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Terrorist group Al Qaeda - Research Paper Example

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Al Qaeda Explained University Name Al Qaeda Explained Many in society would contend that the face of global terrorism is Al Qaeda. The two are synonymous. This one organization has wreaked untold instances of horror on the global community, and they are perhaps the most studied militant group in the world…
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Terrorist group Al Qaeda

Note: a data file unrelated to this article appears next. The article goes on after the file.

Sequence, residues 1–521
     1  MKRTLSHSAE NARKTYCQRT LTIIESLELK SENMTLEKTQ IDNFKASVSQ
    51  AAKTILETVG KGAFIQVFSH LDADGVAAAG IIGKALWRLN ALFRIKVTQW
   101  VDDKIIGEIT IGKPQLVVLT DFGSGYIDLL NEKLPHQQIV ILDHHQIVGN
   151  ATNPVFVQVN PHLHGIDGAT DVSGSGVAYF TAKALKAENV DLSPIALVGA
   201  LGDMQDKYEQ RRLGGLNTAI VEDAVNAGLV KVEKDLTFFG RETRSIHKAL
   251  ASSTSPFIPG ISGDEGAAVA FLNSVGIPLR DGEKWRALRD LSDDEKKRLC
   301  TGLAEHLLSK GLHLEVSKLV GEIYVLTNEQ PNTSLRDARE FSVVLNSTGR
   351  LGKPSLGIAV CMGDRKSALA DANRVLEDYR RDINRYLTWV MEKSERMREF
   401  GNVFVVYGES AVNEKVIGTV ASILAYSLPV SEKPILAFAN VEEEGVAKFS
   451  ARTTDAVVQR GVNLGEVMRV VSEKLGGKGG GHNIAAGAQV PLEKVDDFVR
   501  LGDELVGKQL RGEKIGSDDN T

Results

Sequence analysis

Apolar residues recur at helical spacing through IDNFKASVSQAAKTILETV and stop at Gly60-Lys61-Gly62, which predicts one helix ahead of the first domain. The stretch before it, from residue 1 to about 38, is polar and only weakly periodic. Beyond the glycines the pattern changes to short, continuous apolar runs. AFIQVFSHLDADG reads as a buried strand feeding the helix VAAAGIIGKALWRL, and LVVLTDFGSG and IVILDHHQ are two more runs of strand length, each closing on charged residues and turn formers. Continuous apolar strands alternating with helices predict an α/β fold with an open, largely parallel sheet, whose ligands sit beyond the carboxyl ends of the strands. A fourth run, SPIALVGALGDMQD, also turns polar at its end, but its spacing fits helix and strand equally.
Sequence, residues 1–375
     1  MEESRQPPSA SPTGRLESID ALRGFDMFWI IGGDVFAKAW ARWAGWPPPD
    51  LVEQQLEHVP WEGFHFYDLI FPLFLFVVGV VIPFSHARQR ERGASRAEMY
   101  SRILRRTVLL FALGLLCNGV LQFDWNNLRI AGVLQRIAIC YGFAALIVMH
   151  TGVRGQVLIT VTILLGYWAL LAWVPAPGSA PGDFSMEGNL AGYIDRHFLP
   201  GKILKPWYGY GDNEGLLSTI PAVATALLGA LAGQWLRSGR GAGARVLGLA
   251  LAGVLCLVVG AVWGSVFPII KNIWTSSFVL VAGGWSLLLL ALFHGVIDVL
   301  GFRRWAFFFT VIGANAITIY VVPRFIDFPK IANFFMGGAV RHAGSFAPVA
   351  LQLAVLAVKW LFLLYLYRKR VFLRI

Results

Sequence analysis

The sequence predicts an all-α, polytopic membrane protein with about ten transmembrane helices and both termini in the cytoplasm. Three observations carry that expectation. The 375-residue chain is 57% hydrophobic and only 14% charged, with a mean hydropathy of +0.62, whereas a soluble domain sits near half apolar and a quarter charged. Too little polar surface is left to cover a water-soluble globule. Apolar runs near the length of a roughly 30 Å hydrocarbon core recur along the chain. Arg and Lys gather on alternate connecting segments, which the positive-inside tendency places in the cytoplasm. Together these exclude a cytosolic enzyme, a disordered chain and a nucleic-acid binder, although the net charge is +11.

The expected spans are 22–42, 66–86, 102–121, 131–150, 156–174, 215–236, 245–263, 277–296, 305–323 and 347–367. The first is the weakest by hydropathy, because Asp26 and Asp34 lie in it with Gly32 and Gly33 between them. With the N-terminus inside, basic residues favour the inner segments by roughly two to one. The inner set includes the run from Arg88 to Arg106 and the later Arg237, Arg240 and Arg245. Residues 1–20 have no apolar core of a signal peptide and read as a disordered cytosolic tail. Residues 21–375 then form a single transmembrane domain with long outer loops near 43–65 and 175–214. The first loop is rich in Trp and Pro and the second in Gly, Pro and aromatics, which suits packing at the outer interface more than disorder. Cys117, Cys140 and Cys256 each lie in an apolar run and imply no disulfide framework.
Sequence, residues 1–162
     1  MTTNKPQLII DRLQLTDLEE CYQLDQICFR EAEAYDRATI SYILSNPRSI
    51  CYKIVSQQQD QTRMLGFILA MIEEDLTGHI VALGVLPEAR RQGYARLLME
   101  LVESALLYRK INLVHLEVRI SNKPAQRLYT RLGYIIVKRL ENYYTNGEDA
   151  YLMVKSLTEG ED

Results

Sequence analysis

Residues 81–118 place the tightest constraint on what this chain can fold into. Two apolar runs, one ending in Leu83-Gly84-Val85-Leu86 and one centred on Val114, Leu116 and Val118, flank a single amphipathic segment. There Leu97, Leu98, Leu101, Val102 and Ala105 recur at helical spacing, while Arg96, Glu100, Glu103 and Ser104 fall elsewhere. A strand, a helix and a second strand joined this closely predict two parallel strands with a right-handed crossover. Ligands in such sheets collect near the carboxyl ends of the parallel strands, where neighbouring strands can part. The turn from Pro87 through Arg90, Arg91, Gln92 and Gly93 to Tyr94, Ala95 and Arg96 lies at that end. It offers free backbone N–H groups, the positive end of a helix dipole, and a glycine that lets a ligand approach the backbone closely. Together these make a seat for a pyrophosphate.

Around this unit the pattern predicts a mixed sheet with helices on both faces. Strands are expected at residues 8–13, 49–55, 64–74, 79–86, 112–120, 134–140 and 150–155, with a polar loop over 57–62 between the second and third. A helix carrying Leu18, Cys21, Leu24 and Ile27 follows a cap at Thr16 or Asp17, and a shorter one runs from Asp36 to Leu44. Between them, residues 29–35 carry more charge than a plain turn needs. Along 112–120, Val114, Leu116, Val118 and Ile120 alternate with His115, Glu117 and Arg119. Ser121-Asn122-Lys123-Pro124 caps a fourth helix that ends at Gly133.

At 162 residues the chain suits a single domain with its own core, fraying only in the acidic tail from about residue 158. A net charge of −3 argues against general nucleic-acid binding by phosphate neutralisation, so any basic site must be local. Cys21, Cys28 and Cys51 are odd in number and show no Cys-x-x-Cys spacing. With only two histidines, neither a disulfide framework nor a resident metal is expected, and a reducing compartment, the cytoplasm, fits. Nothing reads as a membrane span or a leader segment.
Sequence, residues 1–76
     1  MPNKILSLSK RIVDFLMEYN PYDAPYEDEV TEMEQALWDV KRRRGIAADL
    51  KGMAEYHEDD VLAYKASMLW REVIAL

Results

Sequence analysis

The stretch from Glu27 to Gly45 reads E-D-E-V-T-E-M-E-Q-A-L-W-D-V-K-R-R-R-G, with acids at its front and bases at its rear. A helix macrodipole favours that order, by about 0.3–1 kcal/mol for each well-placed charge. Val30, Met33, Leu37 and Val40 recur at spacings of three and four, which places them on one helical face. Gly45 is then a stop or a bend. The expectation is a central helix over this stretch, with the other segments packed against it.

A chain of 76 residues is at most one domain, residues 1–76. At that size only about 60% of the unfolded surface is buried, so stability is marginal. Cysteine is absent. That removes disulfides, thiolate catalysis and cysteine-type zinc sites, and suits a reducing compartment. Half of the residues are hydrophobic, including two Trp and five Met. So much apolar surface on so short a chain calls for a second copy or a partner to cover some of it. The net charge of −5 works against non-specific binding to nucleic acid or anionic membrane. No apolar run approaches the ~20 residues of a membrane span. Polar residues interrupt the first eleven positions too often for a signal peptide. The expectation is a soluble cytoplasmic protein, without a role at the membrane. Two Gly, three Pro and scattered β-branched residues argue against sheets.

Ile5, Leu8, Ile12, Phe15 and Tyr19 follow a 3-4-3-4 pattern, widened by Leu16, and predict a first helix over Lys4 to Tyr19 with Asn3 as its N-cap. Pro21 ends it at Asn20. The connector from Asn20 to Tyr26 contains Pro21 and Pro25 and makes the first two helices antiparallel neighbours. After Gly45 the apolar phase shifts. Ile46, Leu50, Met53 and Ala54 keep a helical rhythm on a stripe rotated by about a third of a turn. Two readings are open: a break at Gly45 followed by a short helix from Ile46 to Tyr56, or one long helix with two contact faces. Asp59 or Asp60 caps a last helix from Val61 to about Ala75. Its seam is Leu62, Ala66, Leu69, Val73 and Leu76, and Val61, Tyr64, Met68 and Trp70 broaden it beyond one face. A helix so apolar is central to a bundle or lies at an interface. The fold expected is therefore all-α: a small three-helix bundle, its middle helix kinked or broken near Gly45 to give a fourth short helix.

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Download file to see previous pages Many claim that the origins of the group go back to the Soviet invasion of Afghanistan, giving us a glimpse of the basis for the group from its inception. It is basically a stateless army made up of mostly Sunni Muslim’s who are willing to die for their cause. This paper is designed to explain Al Qaeda and to educate the reader about the dangers of the organization and what the global community is doing to protect itself from the radical group moving forward. Numerous attacks have been attributed to Al Qaeda, including embassy bombings, that attacks in Bali, and the horrific events that occurred on September 11, 2001. These, and other events like them, were brazen attacks that the organization proudly took credit for. There have been hopeful signs in recent years, however, of a weakened organization in light of numerous leaders being killed by enemy forces, such as Osama bin Laden. Whereas previously Al Qaeda had a strong leadership at the top that directed nearly movement of its followers, the group today lacks strong top-down management, resulting in many splinter groups that are formed in response (Fariborz, 2010). In addition, many members of Al Qaeda have branched off on their own, opting to carry out their own ideological principles that might be in conflict at some level with the organization as a whole. With all of the signs pointing to a weakened Al Qaeda today, the possibility exits to think that the danger is over, but this would be a mistake. Let us now take a look at the historical basis of Al Qaeda and why the future will most likely see a resurgence in the group purporting acts of terror throughout the world. Going back to the beginning, we know that Al Qaeda began largely as a result of Afghans rising up to fend off the Soviet occupation of Afghanistan. In order to win this war, multitudes of volunteers from across the Middles East arrived to fight in Afghanistan. These individuals were known at the Mujahideen, and they were known to be fighters that would go to any length to defend their Muslim brothers. Naturally, a movement like this need tremendous capital resources, chief among them money. This is where Osama bin laden entered in. He quickly rose up to the person primarily responsible for bankrolling a new organization whose primary responsibility was infiltrating Mosques around the world to recruit Muslims to join the cause. The Mujahideen, then, more than any other factor, was largely responsible for defeating the Soviets and keeping Afghanistan a sovereign nation (Jones, 2012). With the war over, Osama bin Laden did return to Saudi Arabia, which is where he is from. While there, he worked feverishly in establishing a group that was designed to aid the veterans of the Afghan War. Many of these individuals had now moved on from Afghanistan as to fight in other wars that were going on around the world, all of which was viewed as a fight for the Muslim cause. As Osama bin Laden began to develop this organization, the need for recruiting more fighters and to raise more money became apparent. Out of this resolve was the basis for forming the organization we know today as Al Qaeda. While back in Saudi Arabia, bin Laden began studying on an even deeper level with various radical Islamic thinkers in the region. Many of these clerics and leaders were very interested in what he was doing, and indications are that he was starting to grow an elaborate organization even before the Iraq invasion of Kuwait in 1990. ...Download file to see next pagesRead More
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